Fans of Warhammer-related products and turn-based game aficionados will enjoy City of the Damned. It isn't a casual experience and mastering the many systems — as well as the flexible combat — will take dedication and time. It needs a little more technical polish and a much smoother learning curve to be considered for real mass-market appeal, but Mordheim: City of the Damned is a rewarding game for the right player.
Mordheim: City of the Damned is a tough game to get into at first. It is a daunting experience from the moment the game is turned on and the tutorials are attempted, but the mechanics are better off learned during the heat of battle. Trial and error will eventually get the ball rolling in terms of finally being able to win missions, but it does take a lot of losing early on to finally get into the swing of things. With not much of a story to keep newcomers interested, and its poorly laid out user interface, it is the rinse and repeat process of building a team of fighters and levelling them up across campaigns that is the real selling point. This is not a pick-up-and-play title, and it requires many hours of dedication before it starts to become a fun experience. Again, though, persistence is the key to cracking this beast of a game, and though it does deliver on its sense of accomplishment, it takes a lot of blood, sweat and tears to get there.
Mordheim: City of the Damned is stacked with every odd against those who live in its ruined streets. While a fun, challenging, and sometimes all too dehumanising experience, a steep learning curve and tricky management systems can make for a meaty dish locked behind a very tough shell. Still, it's definitely more than worth the time it takes to learn its systems, and strategy and tabletop gaming fans should definitely take the time to look at this excellent adaptation.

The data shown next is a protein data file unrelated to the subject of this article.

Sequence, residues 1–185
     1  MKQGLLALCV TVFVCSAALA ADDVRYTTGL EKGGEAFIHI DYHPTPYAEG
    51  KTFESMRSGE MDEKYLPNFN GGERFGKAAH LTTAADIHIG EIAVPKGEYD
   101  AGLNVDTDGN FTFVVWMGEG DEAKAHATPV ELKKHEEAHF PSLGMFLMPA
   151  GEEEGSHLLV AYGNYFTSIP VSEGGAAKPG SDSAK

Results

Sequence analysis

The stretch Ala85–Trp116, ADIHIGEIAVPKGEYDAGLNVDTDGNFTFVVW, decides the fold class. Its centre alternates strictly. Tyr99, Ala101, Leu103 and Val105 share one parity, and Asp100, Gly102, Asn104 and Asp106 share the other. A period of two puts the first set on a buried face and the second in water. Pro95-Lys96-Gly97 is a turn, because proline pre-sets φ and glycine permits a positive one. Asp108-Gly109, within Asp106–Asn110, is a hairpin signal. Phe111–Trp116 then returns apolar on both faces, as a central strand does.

I found myself wishing that something would appear to redeem Mordheim: City of the Damned, but as it began to feel like every action in the game was taking a few agonizing seconds too long, I realised that I'd lost hope in much the same way as the residents of the eponymous city. Mordheim isn't a dangerous place, it's just a bit dull.
Ultimately, there are some big flaws here, and too much competition really with the recent release of XCOM 2 on home consoles that are much more complete, balanced and enjoyable. If you're desperate for some Warhammer strategy then this may do you, otherwise you'd be best to look elsewhere.
My experience of Mordheim: City of the Damned is one where knowledge of the source material is both a blessing and a curse. This isn't a bad game, and despite its flaws there is still fun to be found in the Empire's official worst city to live in. I am well aware that some of my criticism stems from my personal love of Games Workshop's ill-fated tabletop classic, but at the same time, this also affected my enjoyment in a positive way. A game which allows me to have online Mordheim-lite matches with friends is great, but ultimately its blemishes stop it ascending to brilliance.
Mordheim is a game for fans of its tabletop sibling. As a strategy game, it offers enough depth and complexity to stand out from the crowd. As an RPG, it's simply burdened by too much complexity to reward the player. Sadly, thanks to a story that is difficult to appreciate and a heavy focus on run-of-the-mill missions, the gameplay becomes repetitive far too quickly as there are not enough interesting story missions to breathe life into the experience.
Mordheim is par for the course as far as tabletop-inspired tactical RPGs are concerned. The game foregoes accessibility for the sake of being "hardcore." This leaves many players to resort to trial and error before hitting their stride. If you're not well versed in the genre, this can be a bit of a time sink, which is especially unappealing when there are many, many other games to play that you'll find more enjoyable.